5. September 2012–
Web and iOS app EISENHOWER is putting a new spin on old US president Dwight D. Eisenhower’s four-square system for getting things done.
Build on the maxim “what is important is seldom urgent and what is urgent is seldom important”, the Eisenhower matrix divides tasks into four boxes depending on importance and urgency. In other words: do now (green), schedule (blue), delegate (yellow), don’t do (red).
Andreas Kwiatkowski, based in Cologne, ex-head of product at German music streaming service Simfy, liked the tool and couldn’t find an online version for what he wanted so decided to build one. After spending $150 on an outsourced minimum viable product, using that to find a technical co-founder – Tim Brückmann – and without giving up his day job (Tim didn’t either), the EISENHOWER app is now live for web (free) and, as of yesterday, for iPhone ($1.99).
It’s a good story, but how’s the app? The standout is that – unlike other to-do list apps we’ve used, including Asana – there’s a tight limit to tasks: just eight for each box. That helps solve the problem of writing tasks and reminders down endlessly and not doing any of them. There’s also a timer tool to dedicate users to the task at hand.
Unlike Asana and Wunderlist, from Berlin startup company 6Wunderkinder, this seems like an app for personal use only, with no apparent option to share tasks or lists with others.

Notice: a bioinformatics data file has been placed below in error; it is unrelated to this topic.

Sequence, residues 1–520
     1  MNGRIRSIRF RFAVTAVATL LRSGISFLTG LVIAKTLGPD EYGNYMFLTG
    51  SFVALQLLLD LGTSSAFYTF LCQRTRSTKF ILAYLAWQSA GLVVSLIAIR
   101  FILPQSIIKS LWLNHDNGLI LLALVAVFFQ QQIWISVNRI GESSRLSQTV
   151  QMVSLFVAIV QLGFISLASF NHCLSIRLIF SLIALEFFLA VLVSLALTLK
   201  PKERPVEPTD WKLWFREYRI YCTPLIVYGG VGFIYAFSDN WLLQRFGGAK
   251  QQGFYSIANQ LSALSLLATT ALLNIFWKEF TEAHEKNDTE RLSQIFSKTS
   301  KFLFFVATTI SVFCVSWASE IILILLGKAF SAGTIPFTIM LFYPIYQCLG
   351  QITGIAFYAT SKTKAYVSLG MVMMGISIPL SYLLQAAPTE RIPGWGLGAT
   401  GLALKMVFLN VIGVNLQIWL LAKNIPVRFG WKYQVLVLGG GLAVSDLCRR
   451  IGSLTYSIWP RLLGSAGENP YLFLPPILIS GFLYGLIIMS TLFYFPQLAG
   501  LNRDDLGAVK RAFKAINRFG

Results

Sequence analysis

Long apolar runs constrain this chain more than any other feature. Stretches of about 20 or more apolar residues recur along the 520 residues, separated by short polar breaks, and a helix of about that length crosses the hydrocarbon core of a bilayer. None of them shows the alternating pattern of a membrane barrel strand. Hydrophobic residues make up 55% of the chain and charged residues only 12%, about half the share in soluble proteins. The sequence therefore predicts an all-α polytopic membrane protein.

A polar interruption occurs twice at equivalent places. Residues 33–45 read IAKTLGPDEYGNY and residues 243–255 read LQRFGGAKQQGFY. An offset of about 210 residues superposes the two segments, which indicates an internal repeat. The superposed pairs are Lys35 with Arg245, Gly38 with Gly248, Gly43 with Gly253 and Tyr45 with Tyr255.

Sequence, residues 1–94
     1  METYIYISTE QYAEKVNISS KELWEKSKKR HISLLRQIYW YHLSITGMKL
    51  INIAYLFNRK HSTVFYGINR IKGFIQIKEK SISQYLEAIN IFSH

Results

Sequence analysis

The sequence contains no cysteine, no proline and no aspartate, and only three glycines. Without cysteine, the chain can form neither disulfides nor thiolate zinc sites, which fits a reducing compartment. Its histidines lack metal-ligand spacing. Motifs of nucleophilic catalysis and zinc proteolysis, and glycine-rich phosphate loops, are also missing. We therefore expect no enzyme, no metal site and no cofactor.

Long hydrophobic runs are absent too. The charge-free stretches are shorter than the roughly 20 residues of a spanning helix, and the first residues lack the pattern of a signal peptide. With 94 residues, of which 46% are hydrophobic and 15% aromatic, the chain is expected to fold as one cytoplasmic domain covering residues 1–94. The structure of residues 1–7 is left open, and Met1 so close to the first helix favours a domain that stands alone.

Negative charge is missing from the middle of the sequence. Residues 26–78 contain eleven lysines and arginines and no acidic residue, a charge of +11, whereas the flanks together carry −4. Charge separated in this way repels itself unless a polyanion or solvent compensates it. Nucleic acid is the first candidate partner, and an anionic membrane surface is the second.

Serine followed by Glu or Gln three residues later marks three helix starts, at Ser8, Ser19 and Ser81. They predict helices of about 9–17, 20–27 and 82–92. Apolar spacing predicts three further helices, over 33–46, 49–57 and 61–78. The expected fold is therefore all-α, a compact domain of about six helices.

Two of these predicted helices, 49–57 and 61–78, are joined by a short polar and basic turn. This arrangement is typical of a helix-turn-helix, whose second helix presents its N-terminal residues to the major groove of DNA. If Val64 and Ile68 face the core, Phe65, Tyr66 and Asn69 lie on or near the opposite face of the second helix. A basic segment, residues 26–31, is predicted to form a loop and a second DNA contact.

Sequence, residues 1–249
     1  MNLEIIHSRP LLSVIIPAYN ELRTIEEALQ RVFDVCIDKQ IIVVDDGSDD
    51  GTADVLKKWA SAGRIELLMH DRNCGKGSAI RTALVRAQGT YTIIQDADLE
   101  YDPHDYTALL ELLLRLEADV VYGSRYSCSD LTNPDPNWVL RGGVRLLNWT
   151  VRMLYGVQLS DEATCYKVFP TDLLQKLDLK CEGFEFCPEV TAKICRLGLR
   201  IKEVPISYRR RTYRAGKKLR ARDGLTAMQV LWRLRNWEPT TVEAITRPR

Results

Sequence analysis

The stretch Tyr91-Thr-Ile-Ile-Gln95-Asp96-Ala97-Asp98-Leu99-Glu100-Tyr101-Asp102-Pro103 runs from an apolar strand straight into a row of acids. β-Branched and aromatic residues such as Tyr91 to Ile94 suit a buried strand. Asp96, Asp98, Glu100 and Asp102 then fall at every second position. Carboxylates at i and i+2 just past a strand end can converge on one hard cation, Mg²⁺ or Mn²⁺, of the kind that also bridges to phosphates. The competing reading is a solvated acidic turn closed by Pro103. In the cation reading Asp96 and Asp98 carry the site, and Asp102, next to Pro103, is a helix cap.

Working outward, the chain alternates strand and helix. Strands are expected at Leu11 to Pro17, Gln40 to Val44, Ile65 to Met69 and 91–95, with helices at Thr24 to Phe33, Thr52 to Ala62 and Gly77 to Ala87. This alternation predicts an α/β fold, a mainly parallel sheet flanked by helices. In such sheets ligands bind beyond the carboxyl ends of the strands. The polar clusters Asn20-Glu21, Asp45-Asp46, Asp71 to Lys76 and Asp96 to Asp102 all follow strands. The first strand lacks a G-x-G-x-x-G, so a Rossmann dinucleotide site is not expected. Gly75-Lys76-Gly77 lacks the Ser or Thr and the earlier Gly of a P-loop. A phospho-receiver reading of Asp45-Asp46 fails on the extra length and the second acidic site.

The web app, live since December 2011, so far has slightly more than 500 users – with the caveat that the team haven’t spent anything on advertising or put much effort into publicity beyond this guest post on VentureVillage in May.
That’s enough for Kwiatkowski and Brückmann to be prepared to continue bootstrapping the project until they get an iPad version out. And after that? “Android definitely needs some funding or, even better, many people seeing value in our iOS app, generating revenues,” Kwiatkowski told VentureVillage.
Hedging their bets, the team also offer A5 paper notepads ($3.70), plan to offer B2B services such as time management training and high-volume notepad orders and are “currently in talks with our first two business customers”.
It’s a sensible approach to a small but potentially useful tool and potentially profitable business. The direct competitor is Priority Matrix, as well as Asana, Wunderlist and all the rest, but in a market this subject to personal preference, there’s always room for the right newcomer.